STAX SR-001 Mk2
The Stax SR-001 Mk2 is the only electrostatic IEM in this group. The Stax SR-001 Mk2 system, including the earspeaker unit and the amplifier falls conveniently in the $300 bracket, and so we thought why not throw it in against the rest of the group? The Stax electrostatic systems has always gained a legendary reputation of being superior against similarly priced dynamic driver headphones, and so we were curious on how the Stax SR-001 Mk2 system compares against conventional IEM in the same price range.
The Stax SR-001 Mk2 by far is my favorite IEM out of the bunch. The Stax has such a natural sound, that though fairly neutral, doesn’t come out as boring as the UM3X. There are some factors that contributes to this neutral sound, but I think the biggest difference comes in the fact that the Stax is the only open-design IEM in this category. And as we all know, open designed headphones always tend to have a more natural presentation than a closed one. The Stax has nothing “exciting” in its sound, compared to the other favorites like the Westone 3, the Shure SE530, or the Triple.Fi 10. Yet it present a superbly done natural sound, where everything just sounds right. Moreover, the Stax has a really good instrument separation, where each instrument distinctly separated and possessing their own space in the soundstage. This really contributes to a great overall listening experience.
As superb as the Stax may be, it does have its weaknesses. For people wanting to get a truly portable unit, the Stax should be crossed from the list. You have to always use its amplifier, because otherwise the earspeakers won’t work. The Stax also has one of the most fragile build out of all the other IEMs, handle it with care. And lastly, it is an open design, so it has no outside noise isolation. I suppose to a certain degree, if you’re live with its limitations, it would still work for a great portable system.
The STAX SR-001 Mk2 is definitely a special IEM, and by far my favorite out of this shootout.
In this shootout, the IE8 is the only one with a dynamic driver, as most top-of-the line IEMs utilizes balanced armature drivers. We are very curious on how the Sennheiser IE8 would stack against the balanced armature IEMs. The IE8 is also unique in that it has an adjustable bass port to tune in the amount of bass as desired.
Utilizing a dynamic driver, the Sennheiser IE8 is susceptible to the effects of burn in. Many users reported changes in the sound as the hours on the drivers is increased. While most people would be content with 300 hours of burn in, our particular IE8 for this review has 1300 hours of burn in by its owner. We can rest assured that the sound is far settled by this time.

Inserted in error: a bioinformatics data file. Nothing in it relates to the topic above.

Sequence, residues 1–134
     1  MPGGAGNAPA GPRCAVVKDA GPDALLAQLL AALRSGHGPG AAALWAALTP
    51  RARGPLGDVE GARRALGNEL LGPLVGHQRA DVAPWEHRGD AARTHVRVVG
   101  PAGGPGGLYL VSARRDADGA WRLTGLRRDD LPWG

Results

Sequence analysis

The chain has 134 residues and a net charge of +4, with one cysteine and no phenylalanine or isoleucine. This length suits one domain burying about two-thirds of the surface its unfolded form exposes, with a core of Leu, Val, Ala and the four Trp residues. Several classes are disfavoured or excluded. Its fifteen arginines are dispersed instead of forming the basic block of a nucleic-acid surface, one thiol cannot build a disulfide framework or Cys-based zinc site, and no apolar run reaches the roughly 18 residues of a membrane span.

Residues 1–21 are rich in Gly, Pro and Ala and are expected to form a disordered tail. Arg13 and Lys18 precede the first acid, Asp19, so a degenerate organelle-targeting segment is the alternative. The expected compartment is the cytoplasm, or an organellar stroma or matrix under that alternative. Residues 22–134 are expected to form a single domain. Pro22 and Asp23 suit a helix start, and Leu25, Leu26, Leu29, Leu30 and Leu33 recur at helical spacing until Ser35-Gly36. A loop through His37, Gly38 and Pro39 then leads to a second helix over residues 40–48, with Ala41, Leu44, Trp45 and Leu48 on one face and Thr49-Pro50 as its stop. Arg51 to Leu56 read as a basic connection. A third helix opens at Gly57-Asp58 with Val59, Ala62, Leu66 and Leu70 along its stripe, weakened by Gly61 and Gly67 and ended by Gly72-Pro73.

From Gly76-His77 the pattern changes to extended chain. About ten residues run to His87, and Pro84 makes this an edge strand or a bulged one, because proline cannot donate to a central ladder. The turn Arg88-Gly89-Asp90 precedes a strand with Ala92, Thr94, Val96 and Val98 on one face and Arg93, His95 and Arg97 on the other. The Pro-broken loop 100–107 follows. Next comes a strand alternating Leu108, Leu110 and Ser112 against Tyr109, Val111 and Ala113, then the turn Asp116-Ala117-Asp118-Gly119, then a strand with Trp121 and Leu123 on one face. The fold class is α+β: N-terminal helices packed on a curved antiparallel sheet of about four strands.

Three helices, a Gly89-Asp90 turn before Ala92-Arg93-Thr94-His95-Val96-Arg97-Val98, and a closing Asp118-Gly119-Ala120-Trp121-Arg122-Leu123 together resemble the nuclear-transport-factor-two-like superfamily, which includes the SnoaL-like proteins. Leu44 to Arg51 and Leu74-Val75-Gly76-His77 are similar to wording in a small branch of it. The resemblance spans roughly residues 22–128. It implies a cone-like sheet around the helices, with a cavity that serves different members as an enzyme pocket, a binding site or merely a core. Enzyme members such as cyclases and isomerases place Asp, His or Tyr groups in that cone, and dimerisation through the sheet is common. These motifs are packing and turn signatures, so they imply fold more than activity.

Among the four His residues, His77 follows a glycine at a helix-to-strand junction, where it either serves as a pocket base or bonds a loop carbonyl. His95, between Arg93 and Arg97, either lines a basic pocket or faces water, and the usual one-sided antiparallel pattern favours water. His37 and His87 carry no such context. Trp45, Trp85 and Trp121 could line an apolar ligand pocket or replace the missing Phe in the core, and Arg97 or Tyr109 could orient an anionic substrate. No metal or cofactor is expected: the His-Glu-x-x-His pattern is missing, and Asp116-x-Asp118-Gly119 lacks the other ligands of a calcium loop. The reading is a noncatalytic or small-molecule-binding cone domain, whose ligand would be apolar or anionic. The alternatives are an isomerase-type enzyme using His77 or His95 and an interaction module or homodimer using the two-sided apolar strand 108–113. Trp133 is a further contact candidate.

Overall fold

If you’re used to listening to a full size headphone, then most IEMs will sound lacking a proper soundstage, but this is not the case with the Sennheiser IE8. Utilizing dynamic drivers, the IE8 was able to create a large soundstage that is by far larger than all the other IEMs in this review. The Sennheiser IE8 truly outclasses everyone else by the sheer size of the soundstage. The owner commented that through burn in, the soundstage became slightly larger, but it was already big even straight out of the box.
Bass is another thing that comes in great abundance with the Sennheiser IE8. That’s great news if you love bass, as the IE8 is the only IEM in this shootout that can fully satisfy bass heads. I’m thinking this is going to be a good match for heavy RnB and Rap listeners.
The IE8 actually has a fairly good midrange and treble. Too bad that we can’t really enjoy them, due to the overflowing amount of bass. Not only is the bass too much in quantity, they are also quite uncontrolled. Even at the minimum bass port setting, we find the bass to be too much, and the only way to tone the bass down is to wear a tip that’s smaller than the size you wear, as this kill the seal in the canal and would reduce the bass significantly.
I’m sure Sennheiser has done their market research while releasing the IE8, and seeing how other “branded” IEM like the Beats Tour by Dr.Dre also come with an abundance of bass, the IE8 may do fairly well with the general consumer. However, our ears simply can’t adjust to the bass in the IE8, making it our least-preffered IEM. The good news is, Sennheiser made a cheaper IE7 that gives you everything the IE8 has, minus its overpowering bass.